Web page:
Second World War Graves
The nature of war has often meant that many Australian sons and daughters did not return home. Have you ever wondered what happened to our servicemen and women when they became casualties of war?
In the Second World War, grave units were established to coordinate locating bodies, burials and the upkeep of cemeteries overseas. As with the First World War, and every conflict up until Vietnam, the Second World War dead were generally not repatriated to Australia.
As part of the Australian War Memorial’s process of improving the usability of our records, we have produced a new resource to help find information about the Second World War Grave Registration, Enquiry and Maintenance Units.
The following spread sheet details where and when specific units were during, and in some cases, after the Second World War. By following the linkyou can quickly and easily find information on the location of Australian War Graves Registration, Enquiry and Maintenance Units and the country and town or city, in which each they were deployed on a given date.
There are 34 unit diaries in the collection covering the operation period 1 September 1941 – 30 October 1947. While the Second World War ended in 1945 the mission to recover our war dead continued. The last of the Australian Graves Units were disbanded in 1947. Their work continues through the Commonwealth War Graves Commission.
If you are interested in learning more about the day-to-day activities of the War Graves units, the Memorial holds War Diaries in the record series AWM52 in its collection of Official Records. The control numbers that are relevant to grave units are AWM52 21/2/2 – AWM52 21/2/32.
These records concern Grave Units that were deployed in Australia, Indonesia, Papua New Guinea, the Philippines, Thailand, Sri Lanka, Japan, and also the Middle East Forces (21/2/21) which covered parts of Greece, Egypt, Libya and Italy.
When reading through these records you will find information about the daily activities of the unit. These are sometimes as mundane as reports on the weather or concrete deliveries and sometimes include more interesting information such as the discovery of an aircraft crash site (I found an account of a grub infestation!).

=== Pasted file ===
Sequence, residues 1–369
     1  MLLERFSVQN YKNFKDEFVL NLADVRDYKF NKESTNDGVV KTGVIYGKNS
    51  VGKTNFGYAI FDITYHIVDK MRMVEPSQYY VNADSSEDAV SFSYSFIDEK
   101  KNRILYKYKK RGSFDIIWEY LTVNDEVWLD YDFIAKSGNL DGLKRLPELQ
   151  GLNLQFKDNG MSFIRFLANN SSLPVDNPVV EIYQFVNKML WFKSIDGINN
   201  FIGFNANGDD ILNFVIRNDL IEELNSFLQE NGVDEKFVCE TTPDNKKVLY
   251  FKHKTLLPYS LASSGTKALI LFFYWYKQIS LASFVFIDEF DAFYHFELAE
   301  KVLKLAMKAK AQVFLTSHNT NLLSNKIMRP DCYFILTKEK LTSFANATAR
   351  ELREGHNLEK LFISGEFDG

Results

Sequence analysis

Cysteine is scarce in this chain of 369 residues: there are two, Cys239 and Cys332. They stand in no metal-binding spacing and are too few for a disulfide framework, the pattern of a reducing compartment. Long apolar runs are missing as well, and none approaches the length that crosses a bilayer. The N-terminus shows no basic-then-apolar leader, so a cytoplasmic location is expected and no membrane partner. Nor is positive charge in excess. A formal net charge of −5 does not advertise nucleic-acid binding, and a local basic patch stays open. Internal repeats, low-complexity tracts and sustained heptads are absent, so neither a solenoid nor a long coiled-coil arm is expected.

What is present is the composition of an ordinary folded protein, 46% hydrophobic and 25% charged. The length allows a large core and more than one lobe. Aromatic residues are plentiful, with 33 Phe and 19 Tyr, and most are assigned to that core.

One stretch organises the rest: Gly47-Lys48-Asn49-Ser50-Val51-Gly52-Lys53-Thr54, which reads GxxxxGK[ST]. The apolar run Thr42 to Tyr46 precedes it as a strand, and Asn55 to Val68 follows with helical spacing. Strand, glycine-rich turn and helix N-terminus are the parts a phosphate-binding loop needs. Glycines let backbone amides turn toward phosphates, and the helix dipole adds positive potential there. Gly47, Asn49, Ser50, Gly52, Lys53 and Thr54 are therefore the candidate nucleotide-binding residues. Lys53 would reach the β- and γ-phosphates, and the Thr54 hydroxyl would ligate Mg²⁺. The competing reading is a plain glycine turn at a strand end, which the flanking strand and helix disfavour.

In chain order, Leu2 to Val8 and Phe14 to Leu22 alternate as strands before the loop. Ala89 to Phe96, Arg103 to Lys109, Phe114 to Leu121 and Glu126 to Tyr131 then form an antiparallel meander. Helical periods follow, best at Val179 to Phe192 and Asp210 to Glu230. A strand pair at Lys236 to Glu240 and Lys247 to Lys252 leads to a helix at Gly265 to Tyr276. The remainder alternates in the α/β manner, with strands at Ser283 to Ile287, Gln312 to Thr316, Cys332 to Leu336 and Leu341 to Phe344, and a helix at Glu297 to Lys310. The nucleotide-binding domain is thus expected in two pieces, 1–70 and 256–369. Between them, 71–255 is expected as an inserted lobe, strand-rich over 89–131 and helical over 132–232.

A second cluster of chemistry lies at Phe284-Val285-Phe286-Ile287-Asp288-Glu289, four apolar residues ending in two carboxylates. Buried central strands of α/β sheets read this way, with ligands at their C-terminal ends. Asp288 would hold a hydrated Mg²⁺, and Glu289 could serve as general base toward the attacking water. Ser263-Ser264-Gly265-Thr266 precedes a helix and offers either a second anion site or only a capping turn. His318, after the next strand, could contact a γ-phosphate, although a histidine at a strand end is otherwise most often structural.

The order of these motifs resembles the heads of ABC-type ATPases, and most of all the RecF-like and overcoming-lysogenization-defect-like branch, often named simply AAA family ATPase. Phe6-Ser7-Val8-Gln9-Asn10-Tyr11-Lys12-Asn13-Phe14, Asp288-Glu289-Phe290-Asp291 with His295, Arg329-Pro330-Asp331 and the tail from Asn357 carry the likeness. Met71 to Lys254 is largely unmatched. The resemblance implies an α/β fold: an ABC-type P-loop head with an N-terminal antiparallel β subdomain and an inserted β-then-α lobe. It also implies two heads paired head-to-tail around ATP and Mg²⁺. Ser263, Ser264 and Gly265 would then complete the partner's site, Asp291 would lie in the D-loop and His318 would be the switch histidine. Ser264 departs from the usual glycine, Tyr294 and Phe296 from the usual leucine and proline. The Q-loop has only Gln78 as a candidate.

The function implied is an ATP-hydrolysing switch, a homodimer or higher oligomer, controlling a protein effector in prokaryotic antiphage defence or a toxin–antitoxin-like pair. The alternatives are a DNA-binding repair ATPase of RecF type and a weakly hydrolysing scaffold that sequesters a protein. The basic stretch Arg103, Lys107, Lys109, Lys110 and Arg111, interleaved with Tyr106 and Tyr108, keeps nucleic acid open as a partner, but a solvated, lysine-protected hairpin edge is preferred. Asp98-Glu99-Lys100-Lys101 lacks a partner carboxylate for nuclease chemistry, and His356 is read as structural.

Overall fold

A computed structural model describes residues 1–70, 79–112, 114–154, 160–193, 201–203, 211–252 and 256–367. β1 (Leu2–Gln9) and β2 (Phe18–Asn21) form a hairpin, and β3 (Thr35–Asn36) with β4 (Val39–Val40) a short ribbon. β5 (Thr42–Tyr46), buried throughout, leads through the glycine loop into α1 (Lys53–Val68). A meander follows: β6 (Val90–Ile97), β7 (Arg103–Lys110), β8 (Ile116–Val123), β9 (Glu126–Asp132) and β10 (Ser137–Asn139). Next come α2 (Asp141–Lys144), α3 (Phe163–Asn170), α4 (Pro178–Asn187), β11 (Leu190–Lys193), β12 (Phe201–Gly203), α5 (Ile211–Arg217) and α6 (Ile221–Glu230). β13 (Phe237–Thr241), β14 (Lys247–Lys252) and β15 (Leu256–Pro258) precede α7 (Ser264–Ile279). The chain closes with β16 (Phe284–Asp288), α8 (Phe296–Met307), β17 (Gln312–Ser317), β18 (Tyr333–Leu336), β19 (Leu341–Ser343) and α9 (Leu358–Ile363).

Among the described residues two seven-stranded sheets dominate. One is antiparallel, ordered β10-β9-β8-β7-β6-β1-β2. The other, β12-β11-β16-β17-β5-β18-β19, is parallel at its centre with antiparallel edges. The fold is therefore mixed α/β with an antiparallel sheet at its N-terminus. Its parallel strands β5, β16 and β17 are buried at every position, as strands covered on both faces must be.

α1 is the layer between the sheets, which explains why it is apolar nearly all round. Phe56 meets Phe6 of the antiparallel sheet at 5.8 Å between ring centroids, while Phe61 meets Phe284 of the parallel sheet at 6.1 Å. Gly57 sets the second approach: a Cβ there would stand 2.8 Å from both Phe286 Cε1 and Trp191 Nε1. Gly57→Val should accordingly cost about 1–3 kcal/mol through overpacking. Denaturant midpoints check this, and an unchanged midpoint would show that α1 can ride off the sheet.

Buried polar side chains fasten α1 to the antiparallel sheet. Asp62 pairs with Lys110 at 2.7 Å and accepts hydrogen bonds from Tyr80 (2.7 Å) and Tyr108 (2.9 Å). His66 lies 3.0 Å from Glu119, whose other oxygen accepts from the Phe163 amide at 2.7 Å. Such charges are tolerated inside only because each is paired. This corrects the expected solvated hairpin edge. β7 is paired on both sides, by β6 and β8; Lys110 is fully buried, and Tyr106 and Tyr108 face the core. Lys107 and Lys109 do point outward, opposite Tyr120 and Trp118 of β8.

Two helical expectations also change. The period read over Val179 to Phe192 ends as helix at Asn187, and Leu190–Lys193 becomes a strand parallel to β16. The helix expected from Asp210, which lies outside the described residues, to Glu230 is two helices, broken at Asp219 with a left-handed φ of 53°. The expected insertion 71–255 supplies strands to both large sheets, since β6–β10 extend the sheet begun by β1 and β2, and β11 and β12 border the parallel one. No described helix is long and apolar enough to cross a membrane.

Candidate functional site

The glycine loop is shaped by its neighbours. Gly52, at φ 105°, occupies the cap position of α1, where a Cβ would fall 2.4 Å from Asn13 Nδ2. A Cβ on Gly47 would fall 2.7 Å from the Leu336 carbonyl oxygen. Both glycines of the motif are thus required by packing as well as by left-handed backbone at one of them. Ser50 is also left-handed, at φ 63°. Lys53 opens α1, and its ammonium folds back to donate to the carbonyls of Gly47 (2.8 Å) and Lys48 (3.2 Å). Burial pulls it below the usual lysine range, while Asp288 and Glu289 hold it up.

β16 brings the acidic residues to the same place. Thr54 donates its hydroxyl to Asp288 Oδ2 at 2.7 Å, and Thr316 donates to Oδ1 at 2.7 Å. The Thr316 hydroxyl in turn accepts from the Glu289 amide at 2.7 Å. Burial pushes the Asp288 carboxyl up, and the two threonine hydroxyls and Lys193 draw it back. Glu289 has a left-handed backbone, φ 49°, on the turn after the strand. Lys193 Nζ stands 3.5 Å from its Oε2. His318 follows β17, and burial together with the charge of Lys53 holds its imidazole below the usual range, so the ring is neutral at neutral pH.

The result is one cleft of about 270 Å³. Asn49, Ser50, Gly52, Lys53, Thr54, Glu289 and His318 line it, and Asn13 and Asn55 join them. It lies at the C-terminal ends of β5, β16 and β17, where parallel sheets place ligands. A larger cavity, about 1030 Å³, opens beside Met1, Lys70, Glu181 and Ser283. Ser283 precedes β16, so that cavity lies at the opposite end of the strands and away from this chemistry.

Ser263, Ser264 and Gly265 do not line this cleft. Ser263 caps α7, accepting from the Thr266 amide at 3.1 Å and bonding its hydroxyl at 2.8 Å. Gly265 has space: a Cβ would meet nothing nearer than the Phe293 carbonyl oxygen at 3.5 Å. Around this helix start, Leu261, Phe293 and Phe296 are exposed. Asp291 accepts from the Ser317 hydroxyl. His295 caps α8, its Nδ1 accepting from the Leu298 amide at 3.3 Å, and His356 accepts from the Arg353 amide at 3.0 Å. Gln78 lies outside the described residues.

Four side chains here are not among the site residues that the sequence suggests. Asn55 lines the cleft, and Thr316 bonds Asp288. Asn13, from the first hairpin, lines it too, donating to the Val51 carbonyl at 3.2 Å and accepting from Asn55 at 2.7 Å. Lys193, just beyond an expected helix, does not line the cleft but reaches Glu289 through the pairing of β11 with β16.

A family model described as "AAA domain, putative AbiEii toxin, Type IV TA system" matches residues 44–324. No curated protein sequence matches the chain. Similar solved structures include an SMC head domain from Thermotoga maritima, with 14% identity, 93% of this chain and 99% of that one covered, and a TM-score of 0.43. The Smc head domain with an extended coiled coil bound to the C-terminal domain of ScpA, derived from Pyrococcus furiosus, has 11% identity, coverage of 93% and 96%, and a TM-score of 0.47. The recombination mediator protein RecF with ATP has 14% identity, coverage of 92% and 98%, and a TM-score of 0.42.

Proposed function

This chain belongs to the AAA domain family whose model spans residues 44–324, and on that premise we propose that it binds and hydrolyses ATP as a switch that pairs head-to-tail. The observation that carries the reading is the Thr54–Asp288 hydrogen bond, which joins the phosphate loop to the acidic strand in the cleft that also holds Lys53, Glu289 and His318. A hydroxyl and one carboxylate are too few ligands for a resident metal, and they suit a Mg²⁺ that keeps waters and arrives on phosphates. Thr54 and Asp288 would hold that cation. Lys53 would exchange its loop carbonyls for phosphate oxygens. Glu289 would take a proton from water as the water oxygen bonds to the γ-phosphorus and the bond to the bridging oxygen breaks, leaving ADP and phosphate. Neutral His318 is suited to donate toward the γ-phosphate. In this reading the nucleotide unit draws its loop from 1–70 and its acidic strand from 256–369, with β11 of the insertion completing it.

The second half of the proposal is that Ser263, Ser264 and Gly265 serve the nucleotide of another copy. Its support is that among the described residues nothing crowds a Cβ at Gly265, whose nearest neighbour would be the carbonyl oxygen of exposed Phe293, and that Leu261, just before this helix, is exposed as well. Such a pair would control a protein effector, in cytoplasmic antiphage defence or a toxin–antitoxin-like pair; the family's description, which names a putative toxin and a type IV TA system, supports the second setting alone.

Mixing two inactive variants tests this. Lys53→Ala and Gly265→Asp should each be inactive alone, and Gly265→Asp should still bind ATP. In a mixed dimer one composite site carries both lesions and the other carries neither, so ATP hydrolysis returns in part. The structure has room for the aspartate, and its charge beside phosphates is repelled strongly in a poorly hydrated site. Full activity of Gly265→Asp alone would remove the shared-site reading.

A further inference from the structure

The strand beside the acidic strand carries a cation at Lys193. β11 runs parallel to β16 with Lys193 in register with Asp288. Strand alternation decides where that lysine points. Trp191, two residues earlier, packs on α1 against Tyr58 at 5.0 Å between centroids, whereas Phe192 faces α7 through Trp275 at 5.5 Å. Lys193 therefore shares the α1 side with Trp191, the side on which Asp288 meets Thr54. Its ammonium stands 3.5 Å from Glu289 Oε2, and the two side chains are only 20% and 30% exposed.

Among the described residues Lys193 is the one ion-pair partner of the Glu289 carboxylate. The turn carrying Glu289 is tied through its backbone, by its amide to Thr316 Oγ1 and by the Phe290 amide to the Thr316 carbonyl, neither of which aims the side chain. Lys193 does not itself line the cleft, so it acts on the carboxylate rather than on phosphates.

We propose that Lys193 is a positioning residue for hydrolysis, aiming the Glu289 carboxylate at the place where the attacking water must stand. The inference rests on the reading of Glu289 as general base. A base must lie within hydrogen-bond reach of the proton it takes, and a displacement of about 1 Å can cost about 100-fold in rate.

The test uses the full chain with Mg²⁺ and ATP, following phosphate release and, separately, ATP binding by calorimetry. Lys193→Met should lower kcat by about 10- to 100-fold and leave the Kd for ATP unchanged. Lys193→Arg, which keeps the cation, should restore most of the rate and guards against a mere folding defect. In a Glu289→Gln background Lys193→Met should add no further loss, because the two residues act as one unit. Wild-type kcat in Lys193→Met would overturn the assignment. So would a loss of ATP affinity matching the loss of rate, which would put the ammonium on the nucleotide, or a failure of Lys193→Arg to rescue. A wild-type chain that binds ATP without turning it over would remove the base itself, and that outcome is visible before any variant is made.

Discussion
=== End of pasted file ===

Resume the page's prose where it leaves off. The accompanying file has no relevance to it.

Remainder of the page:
In addition to indicating when and where war grave units were, during and after the Second World War, some of the things typically found in the diaries are:
- Lists of bodies found and identified, or not identified but still listed (for example – six bodies exhumed today)
- Information about searches for and retrieval of bodies
- Details on the amount of excavations and reburials that were conducted, generally on a daily or weekly basis.
- Information on the unit’s composition and sometimes details on additional employees. Often it is also noted how many of these were employed on a given day – for example, in Papua New Guinea natives were employed to assist the Grave Units. In one of these diaries there is some discussion about the unit losing its workforce to crop growers who were offering higher pay rates
- Details about the delivery of equipment, such as concrete or crosses.
- Details on the photographing of graves
- Grave maintenance and information on the condition of cemeteries
- Reports on weather, troop morale, delays in receiving equipment, water shortages, ways of working (for example, receiving information from locals about a plane crash in an approximate location and then going to the site to exhume and rebury the bodies)
Also in the AWM52 series are Grave Maintenance Units, which operated in Australia (control symbols 21/3/1 – 21/3/3). These were concerned with the maintenance of war cemeteries, rather than the building of them or burials.
The references to these unit diaries can be found on RecordSearch. To find the listing of a specific diary use the advanced search for record items. Then type the series number AWM52 into the series number search box, and type 21/2* into the item control symbol search box. By visiting the Memorial’s Research Centre https://www.awm.gov.au/research/ you can view the complete record.
While these records give a good indication of specific unit’s activities, for research on the graves and burial sites of individuals who served, the Commonwealth War Graves Commission website http://www.cwgc.org/ is the best source for specific graves, memorials and cemeteries from the First and Second World Wars. The most useful agent for all other conflicts is the Office of Australian War Graves http://www.dva.gov.au/commems_oawg/OAWG/Pages/index.aspx.